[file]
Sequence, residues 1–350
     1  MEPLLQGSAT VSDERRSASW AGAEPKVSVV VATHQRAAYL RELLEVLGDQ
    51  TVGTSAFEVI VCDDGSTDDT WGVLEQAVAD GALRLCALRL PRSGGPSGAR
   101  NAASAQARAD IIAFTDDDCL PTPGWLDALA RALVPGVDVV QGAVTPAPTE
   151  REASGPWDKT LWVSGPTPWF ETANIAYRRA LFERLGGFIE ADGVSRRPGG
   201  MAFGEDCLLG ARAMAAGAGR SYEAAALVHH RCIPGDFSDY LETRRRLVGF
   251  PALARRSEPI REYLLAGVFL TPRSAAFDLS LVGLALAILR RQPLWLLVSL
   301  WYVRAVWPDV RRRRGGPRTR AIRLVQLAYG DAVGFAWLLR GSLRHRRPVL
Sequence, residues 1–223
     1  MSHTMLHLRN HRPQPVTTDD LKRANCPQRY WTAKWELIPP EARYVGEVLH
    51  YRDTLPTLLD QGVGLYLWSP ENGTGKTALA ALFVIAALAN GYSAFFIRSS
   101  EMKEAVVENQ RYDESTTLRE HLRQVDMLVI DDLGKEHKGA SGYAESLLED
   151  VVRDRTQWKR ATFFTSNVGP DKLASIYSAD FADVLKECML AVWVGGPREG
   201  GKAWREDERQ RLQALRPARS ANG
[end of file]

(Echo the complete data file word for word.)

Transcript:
Sequence, residues 1–350
     1  MEPLLQGSAT VSDERRSASW AGAEPKVSVV VATHQRAAYL RELLEVLGDQ
    51  TVGTSAFEVI VCDDGSTDDT WGVLEQAVAD GALRLCALRL PRSGGPSGAR
   101  NAASAQARAD IIAFTDDDCL PTPGWLDALA RALVPGVDVV QGAVTPAPTE
   151  REASGPWDKT LWVSGPTPWF ETANIAYRRA LFERLGGFIE ADGVSRRPGG
   201  MAFGEDCLLG ARAMAAGAGR SYEAAALVHH RCIPGDFSDY LETRRRLVGF
   251  PALARRSEPI REYLLAGVFL TPRSAAFDLS LVGLALAILR RQPLWLLVSL
   301  WYVRAVWPDV RRRRGGPRTR AIRLVQLAYG DAVGFAWLLR GSLRHRRPVL
Sequence, residues 1–223
     1  MSHTMLHLRN HRPQPVTTDD LKRANCPQRY WTAKWELIPP EARYVGEVLH
    51  YRDTLPTLLD QGVGLYLWSP ENGTGKTALA ALFVIAALAN GYSAFFIRSS
   101  EMKEAVVENQ RYDESTTLRE HLRQVDMLVI DDLGKEHKGA SGYAESLLED
   151  VVRDRTQWKR ATFFTSNVGP DKLASIYSAD FADVLKECML AVWVGGPREG
   201  GKAWREDERQ RLQALRPARS ANG